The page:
On eve of 2nd anniversary of loss of autonomy, regional chapter of Congress Party questions New Delhi’s claims
SRINAGAR, Jammu and Kashmir (AA) – Hindus in Jammu province of Jammu and Kashmir are apprehensive about outsiders taking over jobs and businesses after the loss of the region’s unique political status, and are demanding constitutional guarantees to prevent this, a top politician said.
Ravinder Sharma, the chief spokesman of the Jammu and Kashmir chapter of India’s Congress Party, told Anadolu Agency that the Hindu nationalist government had said the scrapping of the region’s autonomy would end the insurgency and usher in an era of growth.
“Has militancy ended? No. Has the distance between Dil [the heart of Kashmir] and Dilli [New Delhi] been reduced? No,” he said.
On Aug. 5, 2019, the Indian government annulled two laws of the Indian Constitution — Article 370 and Article 35A — which loosely governed India’s relationship with the disputed Muslim-majority region of Jammu and Kashmir.
Though hollowed out over the past seven decades through changes to India’s Constitution via underhanded methods and pliant Kashmiri pro-India regimes, Article 370 still nominally defined the region as having its own constitution and two houses of legislature that, unlike all other Indian states, could make laws independent of India’s parliament. The region had its own flag and until 1974 its own prime minister and a post equivalent to that of the president of India.
Article 35A barred all outsiders from purchasing property and applying for government jobs in the region. Effectively, it helped the local legislature to define the ‘permanent residents’ of the region and safeguarded jobs and land rights, not only for 68.31% of Muslims but also *28.43% of Hindus and nearly 4% of other minorities.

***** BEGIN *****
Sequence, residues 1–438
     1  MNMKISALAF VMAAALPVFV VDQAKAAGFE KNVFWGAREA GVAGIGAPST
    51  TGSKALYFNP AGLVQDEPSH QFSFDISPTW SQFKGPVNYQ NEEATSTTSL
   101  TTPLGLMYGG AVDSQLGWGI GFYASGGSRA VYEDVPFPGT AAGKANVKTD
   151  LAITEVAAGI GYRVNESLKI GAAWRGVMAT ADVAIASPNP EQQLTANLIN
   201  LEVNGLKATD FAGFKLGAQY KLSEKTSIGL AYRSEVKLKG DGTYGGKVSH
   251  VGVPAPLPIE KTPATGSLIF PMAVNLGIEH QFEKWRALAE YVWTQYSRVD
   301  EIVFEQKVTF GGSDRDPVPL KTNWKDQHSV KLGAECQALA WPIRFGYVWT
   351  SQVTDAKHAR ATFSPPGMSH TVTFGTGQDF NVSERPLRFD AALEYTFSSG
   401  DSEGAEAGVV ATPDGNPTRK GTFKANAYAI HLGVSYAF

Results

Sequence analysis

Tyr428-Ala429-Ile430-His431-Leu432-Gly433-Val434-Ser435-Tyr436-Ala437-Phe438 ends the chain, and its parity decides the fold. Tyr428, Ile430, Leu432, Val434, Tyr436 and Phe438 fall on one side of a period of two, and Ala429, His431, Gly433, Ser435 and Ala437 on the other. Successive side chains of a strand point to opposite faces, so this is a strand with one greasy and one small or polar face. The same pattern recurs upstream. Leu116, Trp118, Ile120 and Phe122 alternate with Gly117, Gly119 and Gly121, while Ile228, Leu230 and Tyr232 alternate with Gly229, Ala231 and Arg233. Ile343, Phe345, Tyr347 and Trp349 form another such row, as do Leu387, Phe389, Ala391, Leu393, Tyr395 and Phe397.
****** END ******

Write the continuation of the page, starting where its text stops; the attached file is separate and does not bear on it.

The scrapping of the autonomy and gradual transformation of the region’s demographics into a Hindu majority has been the cornerstone of the Indian Hindu right’s ideology. Its abrogation has sparked fears of “settler colonialism” in 17 of the 20 districts in which Muslims are a majority.
But in the Hindu-majority Jammu district, which looks at Muslim aspirations for secession with disdain, people’s insecurities have grown, said journalist and political analyst Tarun Upadhyay.
He said the largest Hindu ethnic group, Dogras, is a small group, and the fear of being overwhelmed by Punjabis from the neighboring Punjab region had driven them in the first place to ask the last Hindu king in the 1920s to restrict jobs and properties to the original inhabitants only. The same protection was then enshrined in the Indian Constitution after India’s independence under Article 35A.
“The fear of being overwhelmed by outsiders is coming back to the Dogras,” Upadhyay said.
“So it is the Hindus of Jammu who demanded protections. But the same Hindus don’t bat an eyelid when they have to choose between Indian nationalism and Kashmiri yearning for secession. But the realization that is sinking in is that the BJP government made Dogras sacrificial lambs because they wanted to control Kashmir,” he said, referring to the Bharatiya Janata Party.
Recently, traders in Jammu protested when people from some Indian states were given licenses for running liquor centers. Upadhyay sees the protest as a sign of disenchantment against some of the Aug. 5 decisions, especially New Delhi’s non-committal stance on jobs and land.
Congress Party spokesman Sharma said his party has announced Aug. 5 as the “Day of Struggle” so that the region, which was “deprived of its identity as a state and stripped of all other rights to land and jobs,” regains these rights.
Ram Kishore, a businessman from Jammu city, told Anadolu Agency that the common masses are by and large happy about the abrogation of Article 370, but they want the guarantees under Article 35A to land and jobs restored in some form or other.
“Let politicians do politicking over political status. I only want job and land security for my children and children of other people,” he said.
Kashmir, a Muslim-majority Himalayan region, is held by India and Pakistan in parts and claimed by both in full. A small sliver of Kashmir is also held by China.
Since they were partitioned in 1947, India and Pakistan have fought three wars – in 1948, 1965 and 1971. Two of them were over Kashmir.
Some Kashmiri groups in Jammu and Kashmir have been fighting against Indian rule for independence or for unification with neighboring Pakistan.
Thousands have reportedly been killed in the conflict since 1989, according to several human rights organizations.